It does make me wonder though, especially given the comments from the Bolshoi on her apparent difficulties with learning choreography, whether she was only accepted into the Bolshoi company as a kind of enticement to encourage more foreigners to pay to study at the Bolshoi school.

 

They may be increasingly reliant on income from foreign students and perhaps the acceptance of one of them into the company, even if she wasn't quite up to the ideal standard, would have been quite an effective recruitment tactic.

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I'm not sure I understand the whole thing. I thought that even if you are taken on by the company from the school you usually spend at least a couple of years in the corps first. She has only just graduated so wouldn't be offered a soloist contract straight away I would have thought.

 

It's not beyond the bounds of belief that this could happen though.

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Anyone who has worked in Russia will know that corruption and bribery is common amongst officialdom and there is an expectation in many areas that you pay your way. I think it's plausible that this could extend into ballet companies that were previously under direct state control, particularly if looking to exploit a 'rich' foreigner. Let's face it, the recent goings on at the Bolshoi don't exactly inspire confidence do they?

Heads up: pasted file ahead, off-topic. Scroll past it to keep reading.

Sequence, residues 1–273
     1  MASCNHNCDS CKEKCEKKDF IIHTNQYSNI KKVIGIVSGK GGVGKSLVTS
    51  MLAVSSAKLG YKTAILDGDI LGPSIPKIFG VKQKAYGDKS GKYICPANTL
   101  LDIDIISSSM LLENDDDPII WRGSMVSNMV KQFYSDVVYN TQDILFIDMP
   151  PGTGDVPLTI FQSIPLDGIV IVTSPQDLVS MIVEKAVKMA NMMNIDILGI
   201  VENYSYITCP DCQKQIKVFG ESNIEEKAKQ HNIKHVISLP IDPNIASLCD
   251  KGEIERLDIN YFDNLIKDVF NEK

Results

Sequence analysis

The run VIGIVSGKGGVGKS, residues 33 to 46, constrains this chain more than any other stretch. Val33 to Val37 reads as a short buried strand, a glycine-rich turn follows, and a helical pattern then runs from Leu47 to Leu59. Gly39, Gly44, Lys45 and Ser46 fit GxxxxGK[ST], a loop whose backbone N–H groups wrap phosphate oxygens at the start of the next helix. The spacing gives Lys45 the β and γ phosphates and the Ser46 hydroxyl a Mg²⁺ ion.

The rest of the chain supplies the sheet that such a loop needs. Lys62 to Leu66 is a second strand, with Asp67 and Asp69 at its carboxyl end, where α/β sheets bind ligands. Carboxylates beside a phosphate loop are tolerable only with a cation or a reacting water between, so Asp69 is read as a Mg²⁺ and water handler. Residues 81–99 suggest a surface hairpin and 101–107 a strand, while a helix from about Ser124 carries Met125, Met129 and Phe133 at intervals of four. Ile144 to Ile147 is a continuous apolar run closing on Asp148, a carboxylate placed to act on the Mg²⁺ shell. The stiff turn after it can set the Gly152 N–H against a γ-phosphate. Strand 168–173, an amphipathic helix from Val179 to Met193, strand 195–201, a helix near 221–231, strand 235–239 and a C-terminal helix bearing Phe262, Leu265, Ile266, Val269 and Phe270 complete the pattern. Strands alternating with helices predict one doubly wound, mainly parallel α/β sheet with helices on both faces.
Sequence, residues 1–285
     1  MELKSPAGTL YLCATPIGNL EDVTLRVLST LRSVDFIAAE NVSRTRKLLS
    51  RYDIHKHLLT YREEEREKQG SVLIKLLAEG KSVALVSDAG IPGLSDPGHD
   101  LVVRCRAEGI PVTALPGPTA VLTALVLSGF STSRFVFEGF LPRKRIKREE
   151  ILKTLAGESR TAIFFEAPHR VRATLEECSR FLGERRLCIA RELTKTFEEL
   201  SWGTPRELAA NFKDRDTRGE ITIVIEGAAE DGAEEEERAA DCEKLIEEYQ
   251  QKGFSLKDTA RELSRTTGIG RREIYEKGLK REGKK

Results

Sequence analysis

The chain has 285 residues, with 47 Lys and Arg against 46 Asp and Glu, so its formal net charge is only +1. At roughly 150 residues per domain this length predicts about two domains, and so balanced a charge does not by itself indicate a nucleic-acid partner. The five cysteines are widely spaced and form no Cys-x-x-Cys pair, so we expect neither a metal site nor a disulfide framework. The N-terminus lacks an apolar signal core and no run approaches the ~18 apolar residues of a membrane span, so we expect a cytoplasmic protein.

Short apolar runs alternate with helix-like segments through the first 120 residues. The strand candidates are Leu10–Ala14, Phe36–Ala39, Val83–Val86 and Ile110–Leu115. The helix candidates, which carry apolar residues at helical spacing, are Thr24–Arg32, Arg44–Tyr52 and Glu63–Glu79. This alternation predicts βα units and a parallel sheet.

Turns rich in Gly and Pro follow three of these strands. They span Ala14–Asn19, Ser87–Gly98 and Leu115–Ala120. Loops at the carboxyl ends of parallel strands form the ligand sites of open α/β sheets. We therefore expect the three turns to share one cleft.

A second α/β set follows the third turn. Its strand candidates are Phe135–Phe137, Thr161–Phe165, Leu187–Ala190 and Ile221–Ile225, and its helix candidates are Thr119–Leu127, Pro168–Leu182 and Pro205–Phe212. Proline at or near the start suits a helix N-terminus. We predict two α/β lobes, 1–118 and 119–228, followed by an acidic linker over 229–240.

Edited by Ribbons
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My comment above "it's not beyond the bounds of belief etc" was referring to this possibility of corruption in fact.

(Rather than getting a soloist contract straight from school which I realise that it may look as if its referring to!)

 

So yes I agree. I still think there's a sort of residue belief from iron curtain days there that people from the "west" have loads of money.

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I should qualify that have no direct experience of Russia.....but more Poland....

I have to say that I did meet with this attitude there but that was a while ago now and haven't been back since "iron curtain" days.

 

However Polish friends who were born in UK are expected to take expensive presents to any relatives still there as they see the average person over here as being wealthy compared to them.

 

One really hopes this isn't true after all the other shenanigans that have been going on at the Bolshoi recently but perhaps old habits die hard. She is still very young to be expecting a soloist contract though.

 

Incidentally looking at those New York City Ballet videos recently I was struck by how long some of those company members waited toget a soloist or Principal contract so this aspect of things isn't just a Russian thing!